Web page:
· I will quickly attach the syringe to the beaker of solution.

· I will note down in my table how much gas is in the syringe every 20
seconds for 120 seconds. So I will take 7 readings at 0, 20, 40, 60,
80, 100 and 120 seconds.

· I will repeat this all again.

· I will use the same method with the hydrochloric acid being room
temperature (22 degrees), 40, 50 and 60 degrees.

Apparatus:

· Thermometer.

· Beaker.

· Measuring cylinder.

· Water bath.

· Electronic scales.

· 500cm3 of 1 molar hydrochloric acid.

· 30g of calcium carbonate.

· Timer.

· Clamp.

· Stand.

· Gas syringe.

· Bung.

For safety I will wear safety goggles to protect my eyes from the
possibility of the acid splashing on my face. I will also wear a
protective lab coat to stop the acid splashing and burning my clothes
and skin.

To make my experiment accurate I am repeating the experiment twice, I
am measuring the temperature of my mixture carefully and keeping the
temperature constant throughout the experiment and I am measuring the
calcium carbonate carefully on highly responsive scales finally I am
measuring the amount of hydrochloric acid very carefully and
accurately.

I will record my results in a table like the table below:

Time (seconds)

Volume of gas attempt 1 (cm3)

Volume of gas attempt 2 (cm3)

Average volume of gas (cm3)

0

20

40

60

80

100

120

Preliminary work:

As preliminary work I will perform a dummy run, which is a practice
run of the real experiment. After I have completed this preliminary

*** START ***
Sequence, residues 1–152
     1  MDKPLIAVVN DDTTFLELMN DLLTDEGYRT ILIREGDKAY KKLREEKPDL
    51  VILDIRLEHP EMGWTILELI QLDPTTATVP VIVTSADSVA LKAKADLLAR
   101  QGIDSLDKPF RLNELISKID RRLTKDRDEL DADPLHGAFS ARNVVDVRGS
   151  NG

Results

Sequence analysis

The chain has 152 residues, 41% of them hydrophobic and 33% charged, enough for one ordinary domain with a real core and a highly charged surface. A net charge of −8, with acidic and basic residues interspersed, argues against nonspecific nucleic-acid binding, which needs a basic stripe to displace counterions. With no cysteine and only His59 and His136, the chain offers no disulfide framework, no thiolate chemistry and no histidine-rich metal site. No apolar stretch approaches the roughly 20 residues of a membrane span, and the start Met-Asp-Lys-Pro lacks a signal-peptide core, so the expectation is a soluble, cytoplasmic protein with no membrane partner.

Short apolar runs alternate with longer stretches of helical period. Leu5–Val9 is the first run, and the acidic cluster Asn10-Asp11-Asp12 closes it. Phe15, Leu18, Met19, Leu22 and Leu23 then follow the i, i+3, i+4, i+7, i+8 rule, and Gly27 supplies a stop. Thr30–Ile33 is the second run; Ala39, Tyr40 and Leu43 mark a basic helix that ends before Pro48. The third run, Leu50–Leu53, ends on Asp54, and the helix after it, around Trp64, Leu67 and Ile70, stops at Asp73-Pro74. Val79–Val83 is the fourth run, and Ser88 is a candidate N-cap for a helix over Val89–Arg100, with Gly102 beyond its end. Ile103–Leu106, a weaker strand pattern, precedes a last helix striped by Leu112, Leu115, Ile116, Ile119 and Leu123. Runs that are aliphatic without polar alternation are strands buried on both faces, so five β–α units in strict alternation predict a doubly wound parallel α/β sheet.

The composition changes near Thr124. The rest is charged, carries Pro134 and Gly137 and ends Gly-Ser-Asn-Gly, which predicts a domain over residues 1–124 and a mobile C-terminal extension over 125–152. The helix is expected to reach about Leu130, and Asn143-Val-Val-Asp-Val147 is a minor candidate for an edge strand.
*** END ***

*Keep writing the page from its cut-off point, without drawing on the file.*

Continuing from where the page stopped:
work I will be able to see if I need to change anything in my method
or apparatus.

When I did my preliminary work the amount of gas produced at room
temperature almost went of the scale on the gas syringe so I realised
that when I repeated the experiment at 60 degrees according to my
prediction even more gas will be produced form the reaction. Therefore
I made the following changes to my method:

1. I will use 40cm3 of hydrochloric acid instead of 50cm3.

2. I will use 1gram of calcium carbonate instead of 3grams.

This is what my final method looks like:

· I will measure out 40cm³ of 1 molar Hydrochloric Acid and pour this
into a small beaker.

· I will set up the clamp stand and gas syringe.

· I will heat the hydrochloric acid to 30 degrees.

· I will weigh out 1g of Calcium Carbonate powder on very accurate
electronic scales.

· I will tip the calcium carbonate into the beaker of acid.

· I will quickly attach the syringe to the beaker of solution.

· I will note down in my table how much gas is in the syringe every 20
seconds for 120 seconds.

· I will repeat this all again.

· I will use the same method with the hydrochloric acid being room
temperature (22 degrees), 40, 50 and 60 degrees.

As I have made these changes to my method I have to change my
apparatus, as I will no only need 400cm3 of hydrochloric acid instead
of 500cm3, I will also only need 10g of calcium carbonate instead of
30g.

My new list of apparatus looks like this:

· Thermometer.

· Beaker.

· Measuring cylinder.

· Water bath.

· Electronic scales.

· 500cm3 of 1 molar hydrochloric acid.

· 30g of calcium carbonate.

· Timer.

· Clamp.

· Stand.

· Gas syringe.

· Bung.

These are the results I got from my experiment:

Room temperature - 22 degrees centigrade:

Time (seconds)

Volume of gas attempt 1 (cm3)

Volume of gas attempt 2 (cm3)

Average volume of gas (cm3)

0

0

0

0

20

3

3

3

40

4

4

4

60

5

6

5.5

80

8

9

8.5

100

10

12

11

120

13

16

14.5

30 degrees centigrade:

Time (seconds)

Volume of gas attempt 1 (cm3)

Volume of gas attempt 2 (cm3)

Average volume of gas (cm3)

0

0

0

0

20

7

8

7.5

40

15

15

15

60

25

22

23.5

80

37

35

36

100

42

40

41

120

52

50

51

40 degrees centigrade:

Time (seconds)

Volume of gas attempt 1 (cm3)

Volume of gas attempt 2 (cm3)

Average volume of gas (cm3)

0

0

0

0

20

8

10

9

40

17

19

18

60

28

31

29.5

80

40

43

41.5

100

52

55

53.5

120

64

68

66

50 degrees centigrade:

Time (seconds)

Volume of gas attempt 1 (cm3)

Volume of gas attempt 2 (cm3)

Average volume of gas (cm3)

0

0

0

0

20

11

10

10.5

40

23

20

21.5

60

33

29

31

80

47

43

45

100

61

56

58.5

120

71

67

69

60 degrees centigrade:

Time (seconds)